single PVDC. We can also see that resources from a single vCenter can be split across different provider virtual datacenters and that we can mix and match multi-tenants workload domains and workload domains offering dedicated private cloud all together.
Cloud Director Service and VMware Cloud on AWS
If you don’t want to extend or operate your own data center or cloud infrastructure anymore and provide a managed service to multiple customer, there are still options for you available backed by VMware Cloud Foundation as well.
Since October 2020 you have Cloud Director Service globally available, which delivers multi-tenancy to VMware Cloud on AWS for managed service providers (MSP).
VMware sees not only new, but also existing VCPP partners moving towards a mixed-asset portfolio, where their cloud management platform consists of a VCPP and MSP (VMware SaaS offerings) contract. This allows them for example to run vCD on-premises for their current customers and the onboarding of new tenants would happen in the public cloud with CDS and VMC on AWS.
Enterprise Multi-Tenancy with vRealize Automation
With the release of vRealize Automation 8.1 (vRA) VMware offered support for dedicated infrastructure multi-tenancy, created and managed through vRealize Suite Lifecycle Manager. This means vRealize Automation enables customers or IT providers to set up multiple tenants or organizations within each deployment.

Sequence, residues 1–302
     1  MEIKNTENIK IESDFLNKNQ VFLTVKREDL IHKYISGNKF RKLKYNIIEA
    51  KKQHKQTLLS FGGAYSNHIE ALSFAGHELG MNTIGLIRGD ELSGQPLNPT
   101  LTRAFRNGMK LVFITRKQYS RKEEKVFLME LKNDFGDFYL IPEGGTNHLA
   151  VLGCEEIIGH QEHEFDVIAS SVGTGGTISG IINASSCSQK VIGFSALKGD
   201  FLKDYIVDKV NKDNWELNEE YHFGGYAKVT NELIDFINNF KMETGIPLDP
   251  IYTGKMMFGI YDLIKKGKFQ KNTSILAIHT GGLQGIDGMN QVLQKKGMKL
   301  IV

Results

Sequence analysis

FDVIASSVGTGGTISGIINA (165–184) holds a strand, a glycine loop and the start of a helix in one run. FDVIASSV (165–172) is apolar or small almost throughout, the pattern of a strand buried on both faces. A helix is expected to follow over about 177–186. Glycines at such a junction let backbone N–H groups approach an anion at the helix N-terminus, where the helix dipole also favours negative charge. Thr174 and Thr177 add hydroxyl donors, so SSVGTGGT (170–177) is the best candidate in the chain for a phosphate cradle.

Providers can set up multiple tenant organizations and allocate infrastructure. Each tenant manages its own projects (team structures), resources and deployments.
Enabling tenancy creates a new Provider (default) organization. The Provider Admin will create new tenants, add tenant admins, setup directory synchronization, and add users. Tenant admins can also control directory synchronization for their tenant and will grant users access to services within their tenant. Additionally, tenant admins will configure Policies, Governance, Cloud Zones, Profiles, access to content and provisioned resources; within their tenant. A single shared SDDC or separate SDDCs can be used among tenants depending on available resources.
With vRealize Automation 8.2, provider administrators got the ability to share infrastructure by creating and assigning Virtual Private Zones (VPZ) to tenant organizations.
Think of VPZs as a kind of container of infrastructure capacity and services which can be defined and allocated to a Tenant. You can add unique or shared cloud accounts, with associated compute, flavors, images, storage, networking, and tags to each VPZ. Each component offers the same configuration options you would see for a standalone configuration.
vRealize Automation and VMware Cloud Foundation
With the pretty new multi-tenancy and VPZ capability a new consumption model on top of VCF can be built. You (provider) would map the Cloud Zones (compute resources on vSphere (or AWS for example)) to a VCF workload domain.